Importance of Recycling

By: Sarah Steighner

The motto “Reduce, Reuse, Recycle” was attempted to stay drilled into our heads since elementary school and every Earth Day since. Today, more recycling bins  are presented than ever before. While in some communities, there is not a direct pick up for recycling available, there are also places where you can take your recycling. Many businesses and public places, including the Penn State New Kensington campus, provide numerous recycling bins beside each trash can. However, some people still continue to throw away things that can be recycled, or not put in the small effort that it would take to recycle. In this case, maybe it is time to reevaluate the extreme importance of recycling and just how far a little effort will impact the Earth for the better.

To begin, there are many items that people use on a daily or weekly basis that can be recycled. For example, newspapers, magazines, plastic bottles, steel and aluminum cans, hdpe plastic bottles, and glass containers. These are all things that are recyclable. In fact, according to the National Recycling Coalition, it takes 95 percent less energy to turn recycled cans into new cans versus making brand new ones. Furthermore, the Environmental Protection Agency has stated that one third of all the municipal waste stream in the U.S. comes from paper.

Reducing the energy it takes to produce an item, plus reducing the trash sent to landfills both help the environment. Sometimes trash that goes to a landfill is burned, thus resulting in pollution, and chemicals and particles being emitted into the environment. The EPA outlined the effects waste prevention and recycling have on the environment which includes the reduction of emissions from energy consumption, an increase of storage of carbon in forests, and a reduction in emissions from incinerators and landfills.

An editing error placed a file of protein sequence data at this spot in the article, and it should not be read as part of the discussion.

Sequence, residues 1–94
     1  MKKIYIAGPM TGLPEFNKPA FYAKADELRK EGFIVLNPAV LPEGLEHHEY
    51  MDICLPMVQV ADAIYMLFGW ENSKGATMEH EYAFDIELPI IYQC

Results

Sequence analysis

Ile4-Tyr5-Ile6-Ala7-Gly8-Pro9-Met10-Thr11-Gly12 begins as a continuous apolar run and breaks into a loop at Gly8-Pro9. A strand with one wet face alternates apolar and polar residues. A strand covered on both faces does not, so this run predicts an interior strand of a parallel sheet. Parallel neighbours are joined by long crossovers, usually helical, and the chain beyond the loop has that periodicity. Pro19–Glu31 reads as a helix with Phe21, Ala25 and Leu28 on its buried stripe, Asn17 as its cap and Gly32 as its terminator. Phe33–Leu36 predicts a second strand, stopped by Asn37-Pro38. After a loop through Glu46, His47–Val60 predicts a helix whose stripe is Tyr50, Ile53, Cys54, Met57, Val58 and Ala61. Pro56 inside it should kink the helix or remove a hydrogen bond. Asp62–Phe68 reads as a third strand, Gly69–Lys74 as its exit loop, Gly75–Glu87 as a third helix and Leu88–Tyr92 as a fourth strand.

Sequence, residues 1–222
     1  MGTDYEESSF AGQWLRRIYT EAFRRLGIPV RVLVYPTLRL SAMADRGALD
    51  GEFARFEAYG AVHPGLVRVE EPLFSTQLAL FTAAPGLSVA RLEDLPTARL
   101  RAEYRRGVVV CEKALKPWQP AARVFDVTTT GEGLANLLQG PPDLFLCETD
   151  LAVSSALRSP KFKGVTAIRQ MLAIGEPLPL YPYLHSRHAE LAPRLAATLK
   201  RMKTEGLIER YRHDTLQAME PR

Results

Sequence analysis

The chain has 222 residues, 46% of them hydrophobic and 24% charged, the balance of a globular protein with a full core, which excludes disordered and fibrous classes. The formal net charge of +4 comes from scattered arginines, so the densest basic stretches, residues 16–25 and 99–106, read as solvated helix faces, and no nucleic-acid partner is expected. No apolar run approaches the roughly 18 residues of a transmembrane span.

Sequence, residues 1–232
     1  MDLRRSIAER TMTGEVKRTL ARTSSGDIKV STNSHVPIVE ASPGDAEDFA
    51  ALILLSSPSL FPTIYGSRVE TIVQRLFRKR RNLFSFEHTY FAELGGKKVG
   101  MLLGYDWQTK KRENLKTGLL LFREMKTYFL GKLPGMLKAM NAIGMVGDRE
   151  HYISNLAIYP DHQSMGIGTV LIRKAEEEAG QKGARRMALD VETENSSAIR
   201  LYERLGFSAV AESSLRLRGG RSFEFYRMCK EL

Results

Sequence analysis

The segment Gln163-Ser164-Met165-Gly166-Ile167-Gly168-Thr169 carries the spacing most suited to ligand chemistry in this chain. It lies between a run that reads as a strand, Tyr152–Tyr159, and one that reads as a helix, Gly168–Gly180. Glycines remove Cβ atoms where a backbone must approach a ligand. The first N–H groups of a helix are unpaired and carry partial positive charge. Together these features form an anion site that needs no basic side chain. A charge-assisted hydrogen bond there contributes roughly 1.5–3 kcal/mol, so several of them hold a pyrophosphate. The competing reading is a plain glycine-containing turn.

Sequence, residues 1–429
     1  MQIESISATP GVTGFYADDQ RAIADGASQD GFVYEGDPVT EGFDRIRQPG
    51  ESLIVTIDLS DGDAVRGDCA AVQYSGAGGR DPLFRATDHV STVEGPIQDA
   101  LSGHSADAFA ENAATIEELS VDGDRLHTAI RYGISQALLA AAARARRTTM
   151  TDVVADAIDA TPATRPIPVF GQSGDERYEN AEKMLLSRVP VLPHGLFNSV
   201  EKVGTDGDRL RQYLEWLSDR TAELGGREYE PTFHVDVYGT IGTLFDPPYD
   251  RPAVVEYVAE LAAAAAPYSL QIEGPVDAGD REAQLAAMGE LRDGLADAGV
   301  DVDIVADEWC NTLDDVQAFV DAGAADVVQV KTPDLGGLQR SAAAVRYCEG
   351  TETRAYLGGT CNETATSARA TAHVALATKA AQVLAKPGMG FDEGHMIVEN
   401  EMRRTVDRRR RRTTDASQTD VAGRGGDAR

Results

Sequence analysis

Some trash that does not get recycled ends up getting dumped in the ocean. In fact, about 10 percent of plastic gets thrown into the ocean.  The Great Pacific Garbage Patch, one of five major garbage patches in the world, is bigger than twice the size of Texas. In some spots it is even as deep as 90 feet. This is harmful to the environment in more ways than imaginable.

About 80% of the garbage floating around is plastic. Considering plastic can never be fully bio gradable, particles from the plastic break down, while polluting the ocean and endangering sea life. These pollution particles can be ingested by the animals swimming around and transferred to animals that eat the originally toxic animals. Thus begins the chain reaction of endangering animal species due to people’s lack of being resourceful and recycling.

So, rethink your decision to throw something in the trash versus recycling next time. After all, just because we might not directly see piles of garbage in our homes or think we don’t feel the effects of pollution doesn’t mean that animals and the earth can ignore the consequences of our apathy and ignorance.

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